Skip to Content
Authors Schaser AJ, Wang H, Volz LM, Connor NP
Author Profile(s)
Lab(s)
Journal Dysphagia Volume: 26 Issue: 3 Pages: 256-63
Publish Date 2011 Sep
PubMed ID 20809174
PMC ID 2998581
Abstract

Age-related tongue weakness may contribute to swallowing deficits in the elderly. One contributing factor may be an alteration in muscle-fiber-type properties with aging. However, it is not clear how muscle fiber types within the aged tongue may vary from those found in young adults, or how fiber types may vary across the anteroposterior axis of the extrinsic tongue muscles. We examined the myosin heavy chain (MHC) composition of anterior, medial, and posterior sections of the genioglossus muscle (GG) in ten old male Fischer 344/Brown Norway rats and compared findings to previously reported data from young adult male rats. Significant differences (p < 0.01) between young adult and old rats were found in the distribution of MHC isoforms along the anteroposterior axis of the muscle. In the anterior, medial, and posterior regions, there was a significantly smaller proportion of type IIb MHC in the old rat GG muscles, while the proportion of type IIx MHC was significantly greater. In the medial region, the proportion of type I MHC was found to be significantly greater in the old rats. Thus, we found a shift to more slowly contracting muscle fibers in the aged rat tongue.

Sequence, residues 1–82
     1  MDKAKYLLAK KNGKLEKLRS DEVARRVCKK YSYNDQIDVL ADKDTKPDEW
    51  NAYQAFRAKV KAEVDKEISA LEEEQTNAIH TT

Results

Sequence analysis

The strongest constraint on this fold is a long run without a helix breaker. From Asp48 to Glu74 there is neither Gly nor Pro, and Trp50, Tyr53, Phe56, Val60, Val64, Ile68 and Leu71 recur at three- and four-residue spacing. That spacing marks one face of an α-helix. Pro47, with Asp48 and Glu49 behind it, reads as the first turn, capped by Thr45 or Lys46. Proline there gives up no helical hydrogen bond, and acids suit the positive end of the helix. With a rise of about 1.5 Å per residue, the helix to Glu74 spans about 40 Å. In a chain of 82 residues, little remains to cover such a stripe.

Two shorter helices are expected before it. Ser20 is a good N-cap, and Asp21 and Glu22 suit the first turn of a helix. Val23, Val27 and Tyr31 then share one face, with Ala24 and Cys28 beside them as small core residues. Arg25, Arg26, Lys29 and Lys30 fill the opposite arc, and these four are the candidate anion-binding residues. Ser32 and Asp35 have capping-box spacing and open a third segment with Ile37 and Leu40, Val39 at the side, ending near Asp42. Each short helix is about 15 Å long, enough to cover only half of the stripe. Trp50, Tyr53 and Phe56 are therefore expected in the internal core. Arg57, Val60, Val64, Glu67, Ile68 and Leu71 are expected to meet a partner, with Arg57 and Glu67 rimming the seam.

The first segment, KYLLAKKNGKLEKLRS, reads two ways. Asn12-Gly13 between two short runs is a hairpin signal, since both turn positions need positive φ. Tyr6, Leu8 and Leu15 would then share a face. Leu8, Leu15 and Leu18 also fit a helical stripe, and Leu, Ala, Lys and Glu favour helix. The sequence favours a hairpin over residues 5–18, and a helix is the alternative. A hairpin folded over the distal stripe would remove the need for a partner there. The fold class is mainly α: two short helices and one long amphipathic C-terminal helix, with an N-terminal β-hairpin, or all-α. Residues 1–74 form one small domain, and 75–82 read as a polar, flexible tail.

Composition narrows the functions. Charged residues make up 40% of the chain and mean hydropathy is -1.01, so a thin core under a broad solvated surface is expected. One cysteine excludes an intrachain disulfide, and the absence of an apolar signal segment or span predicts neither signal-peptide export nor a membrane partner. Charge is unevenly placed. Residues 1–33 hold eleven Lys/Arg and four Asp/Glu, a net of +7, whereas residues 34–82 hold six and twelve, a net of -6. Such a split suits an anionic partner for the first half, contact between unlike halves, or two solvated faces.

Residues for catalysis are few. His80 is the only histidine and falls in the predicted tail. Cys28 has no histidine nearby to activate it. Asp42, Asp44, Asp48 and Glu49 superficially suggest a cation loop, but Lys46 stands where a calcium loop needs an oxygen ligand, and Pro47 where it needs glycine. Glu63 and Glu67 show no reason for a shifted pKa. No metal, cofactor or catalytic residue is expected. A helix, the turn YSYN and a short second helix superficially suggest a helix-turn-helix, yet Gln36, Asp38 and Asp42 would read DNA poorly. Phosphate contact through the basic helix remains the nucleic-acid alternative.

Full Text Full text available on PubMed Central
webmaster@surgery.wisc.edu Copyright © 2016 The Board of Regents of the University of Wisconsin System